War Relocation Authority Essay

1483 Words 6 Pages
December 7, 1941 had changed so many people’s lives, especially the lives of Japanese Americans. After the U.S. was attacked by Japan anyone who looked like the enemy became the enemy. Multiple rash decisions were made out of paranoia and fear, one in particular being the issuing of Executive Order 9066. E.O. 9066 was issued by President Franklin D. Roosevelt on February 19, 1942, just two months after Pearl Harbor was attacked. This order gave the Secretary of War authorization to be able to designate any place in the country as a military zone. As long as they provided “transportation, food, shelter, and other accommodations as may be necessary,” the military could relocate anyone they wanted who had lived in these new military zones (Exec. …show more content…
Under the authority of the government the WRA had to choose where to place these new relocation camps, there were many guide lines they had to follow while choosing locations. Milton Eisenhower was the WRA’s top administer, he had only wanted to create Japanese American communities across the country, although that plan was quickly shut down by state governors threatening to hurt or kill any Japanese Americans put into their states. Eisenhower’s next idea was to make work camps similar to those President Roosevelt had made during the Great Depression in 1930, that way Japanese Americans had a chance to make products to help in the war and “ gain admiration of their fellow Americans,” while at the same time getting paid for their work (Wukovits 51). This idea became hard to put into action when the government had put so many restrictions on the location for these camps. This left only places where others refused to live, such as swamp lands, deserts, and other harsh locations that were impossible to farm on. Only one out of the ten camps was fit for farming, Tule Lake, it had been placed on a dried up lake bed where the soil was very rich. The internment camps were one step above a prison at the time. They were surrounded by barbed-wire fences and huge guard towers occupied by armed guards, what’s so questionable …show more content…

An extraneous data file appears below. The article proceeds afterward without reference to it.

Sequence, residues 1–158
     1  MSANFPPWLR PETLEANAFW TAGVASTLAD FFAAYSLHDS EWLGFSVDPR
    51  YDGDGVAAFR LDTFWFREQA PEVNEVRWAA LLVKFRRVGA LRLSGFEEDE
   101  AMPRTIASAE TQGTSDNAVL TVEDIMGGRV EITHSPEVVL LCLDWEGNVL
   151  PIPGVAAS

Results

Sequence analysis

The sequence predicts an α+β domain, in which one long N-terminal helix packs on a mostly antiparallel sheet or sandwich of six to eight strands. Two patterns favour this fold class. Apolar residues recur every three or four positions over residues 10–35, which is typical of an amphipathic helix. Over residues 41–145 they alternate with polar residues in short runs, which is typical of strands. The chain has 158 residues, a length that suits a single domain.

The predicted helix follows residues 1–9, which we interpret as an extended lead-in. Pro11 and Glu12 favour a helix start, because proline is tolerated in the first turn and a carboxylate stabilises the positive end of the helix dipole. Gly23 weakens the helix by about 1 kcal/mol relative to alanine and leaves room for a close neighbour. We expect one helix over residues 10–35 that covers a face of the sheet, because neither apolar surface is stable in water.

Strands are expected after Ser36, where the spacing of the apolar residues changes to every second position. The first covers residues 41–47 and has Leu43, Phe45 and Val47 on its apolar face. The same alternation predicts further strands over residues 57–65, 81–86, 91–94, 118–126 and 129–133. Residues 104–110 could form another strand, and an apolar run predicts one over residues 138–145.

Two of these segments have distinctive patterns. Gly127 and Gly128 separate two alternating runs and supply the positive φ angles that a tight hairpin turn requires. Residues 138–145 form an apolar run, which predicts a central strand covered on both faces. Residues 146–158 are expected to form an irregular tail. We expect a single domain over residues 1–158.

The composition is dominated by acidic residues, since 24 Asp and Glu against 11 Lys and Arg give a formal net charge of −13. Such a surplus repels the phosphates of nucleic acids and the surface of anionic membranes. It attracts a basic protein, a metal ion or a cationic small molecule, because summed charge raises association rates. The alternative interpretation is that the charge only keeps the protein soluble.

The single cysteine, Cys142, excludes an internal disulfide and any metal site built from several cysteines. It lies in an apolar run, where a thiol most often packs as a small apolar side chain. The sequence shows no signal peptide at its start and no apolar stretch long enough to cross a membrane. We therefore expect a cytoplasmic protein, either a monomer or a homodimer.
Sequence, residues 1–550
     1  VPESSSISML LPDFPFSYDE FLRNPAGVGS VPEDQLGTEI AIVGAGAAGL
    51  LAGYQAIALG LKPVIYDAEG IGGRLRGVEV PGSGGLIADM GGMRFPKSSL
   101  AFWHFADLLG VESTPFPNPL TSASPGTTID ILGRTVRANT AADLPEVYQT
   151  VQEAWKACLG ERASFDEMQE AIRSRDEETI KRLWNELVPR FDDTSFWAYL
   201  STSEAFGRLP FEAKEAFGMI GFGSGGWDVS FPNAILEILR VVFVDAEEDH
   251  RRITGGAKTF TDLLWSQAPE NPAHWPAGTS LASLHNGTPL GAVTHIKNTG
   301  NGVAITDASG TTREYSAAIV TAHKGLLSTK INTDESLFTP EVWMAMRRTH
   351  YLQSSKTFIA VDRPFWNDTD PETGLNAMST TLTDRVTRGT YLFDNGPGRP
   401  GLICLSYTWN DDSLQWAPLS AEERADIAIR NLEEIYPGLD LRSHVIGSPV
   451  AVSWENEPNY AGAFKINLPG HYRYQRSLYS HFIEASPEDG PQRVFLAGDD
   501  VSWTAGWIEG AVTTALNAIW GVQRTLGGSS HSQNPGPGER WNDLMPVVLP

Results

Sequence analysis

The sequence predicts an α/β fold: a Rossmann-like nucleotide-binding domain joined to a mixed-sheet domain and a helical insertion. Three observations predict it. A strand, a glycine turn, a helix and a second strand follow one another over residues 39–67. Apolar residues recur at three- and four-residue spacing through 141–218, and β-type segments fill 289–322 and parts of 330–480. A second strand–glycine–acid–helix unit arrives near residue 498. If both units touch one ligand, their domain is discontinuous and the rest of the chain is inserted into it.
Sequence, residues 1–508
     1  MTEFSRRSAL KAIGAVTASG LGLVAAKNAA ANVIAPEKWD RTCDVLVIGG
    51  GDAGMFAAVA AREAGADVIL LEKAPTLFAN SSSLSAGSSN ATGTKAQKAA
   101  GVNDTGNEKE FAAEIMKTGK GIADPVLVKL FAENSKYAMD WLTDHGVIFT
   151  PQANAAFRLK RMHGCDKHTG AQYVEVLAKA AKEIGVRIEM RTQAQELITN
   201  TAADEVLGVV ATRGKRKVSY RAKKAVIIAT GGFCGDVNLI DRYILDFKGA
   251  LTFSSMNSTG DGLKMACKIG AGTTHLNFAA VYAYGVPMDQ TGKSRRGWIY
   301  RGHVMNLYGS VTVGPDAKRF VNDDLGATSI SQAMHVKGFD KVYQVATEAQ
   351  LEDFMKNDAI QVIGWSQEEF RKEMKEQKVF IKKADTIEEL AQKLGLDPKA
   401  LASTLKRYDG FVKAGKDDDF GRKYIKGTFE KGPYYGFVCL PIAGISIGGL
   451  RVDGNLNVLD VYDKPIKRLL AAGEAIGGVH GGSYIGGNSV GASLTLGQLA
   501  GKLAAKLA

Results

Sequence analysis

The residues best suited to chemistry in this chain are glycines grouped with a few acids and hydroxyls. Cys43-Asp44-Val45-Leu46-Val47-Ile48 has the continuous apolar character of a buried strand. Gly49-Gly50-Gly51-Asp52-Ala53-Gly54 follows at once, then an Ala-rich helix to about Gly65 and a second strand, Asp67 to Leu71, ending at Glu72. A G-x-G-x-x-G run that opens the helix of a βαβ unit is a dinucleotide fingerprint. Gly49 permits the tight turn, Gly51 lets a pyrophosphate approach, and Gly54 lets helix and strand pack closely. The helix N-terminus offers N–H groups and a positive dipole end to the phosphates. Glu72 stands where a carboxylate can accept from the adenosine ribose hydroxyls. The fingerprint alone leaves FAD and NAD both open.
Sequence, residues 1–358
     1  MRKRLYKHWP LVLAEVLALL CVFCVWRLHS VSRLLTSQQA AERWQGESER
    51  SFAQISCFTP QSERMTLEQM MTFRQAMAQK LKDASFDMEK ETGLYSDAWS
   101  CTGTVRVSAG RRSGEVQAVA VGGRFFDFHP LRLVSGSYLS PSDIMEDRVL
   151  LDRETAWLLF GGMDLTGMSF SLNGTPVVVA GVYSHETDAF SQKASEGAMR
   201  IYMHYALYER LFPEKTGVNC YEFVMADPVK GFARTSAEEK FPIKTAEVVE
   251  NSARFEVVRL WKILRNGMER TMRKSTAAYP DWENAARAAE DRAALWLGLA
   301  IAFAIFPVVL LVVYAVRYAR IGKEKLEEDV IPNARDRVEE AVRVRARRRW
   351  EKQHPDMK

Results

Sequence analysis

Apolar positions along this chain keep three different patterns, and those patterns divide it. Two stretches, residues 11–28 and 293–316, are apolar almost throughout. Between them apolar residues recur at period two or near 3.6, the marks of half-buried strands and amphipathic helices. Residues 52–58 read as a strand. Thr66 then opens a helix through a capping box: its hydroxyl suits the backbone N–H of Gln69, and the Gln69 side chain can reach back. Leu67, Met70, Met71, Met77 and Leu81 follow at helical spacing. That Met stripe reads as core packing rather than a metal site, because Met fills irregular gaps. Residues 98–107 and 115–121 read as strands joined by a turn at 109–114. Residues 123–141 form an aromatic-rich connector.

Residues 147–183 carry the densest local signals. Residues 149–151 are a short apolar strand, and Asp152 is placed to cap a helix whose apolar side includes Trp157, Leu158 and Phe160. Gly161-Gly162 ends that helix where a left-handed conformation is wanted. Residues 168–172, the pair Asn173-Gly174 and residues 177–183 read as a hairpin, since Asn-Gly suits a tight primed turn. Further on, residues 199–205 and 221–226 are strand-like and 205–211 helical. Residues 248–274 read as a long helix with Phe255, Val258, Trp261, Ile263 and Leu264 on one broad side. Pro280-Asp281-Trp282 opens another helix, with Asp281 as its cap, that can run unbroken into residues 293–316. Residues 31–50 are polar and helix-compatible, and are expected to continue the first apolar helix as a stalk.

The bathrooms were separate from the barracks; each block of twelve to fourteen barracks had their own bathroom facility, mess hall, laundry, and recreation hall (Wukovits 53). Inside the barracks they were dived into sections, each section had one to two families living in them depending on the size of the families. In these “apartments” there was minimal furniture and space for the families, there were canvas cots and straw stuffed mattresses for each person, a small heating stove, and single lightbulb hanging from the ceiling. To make their apartments more home like, internees would go out and collect whatever scraps they could find to make furniture and shelves. They hung curtains from old clothe and made pictures to hang on the walls. Japanese Americans did anything they possibly could to try and make the situation a little less awful. They was no privacy for the Japanese Americans in these internment camps, toilets sat back-to-back and side-by-side, the showers were along one wall with no dividers. The only separations when it came to the toilet and shower facilities were there would be one for women and one for men. Administrative staff’s family housing was much more luxurious compared to the internees housing. They had “larger, better-furnished apartments that included cooling systems, refrigerators, and indoor toilets and baths,” (Wukovits

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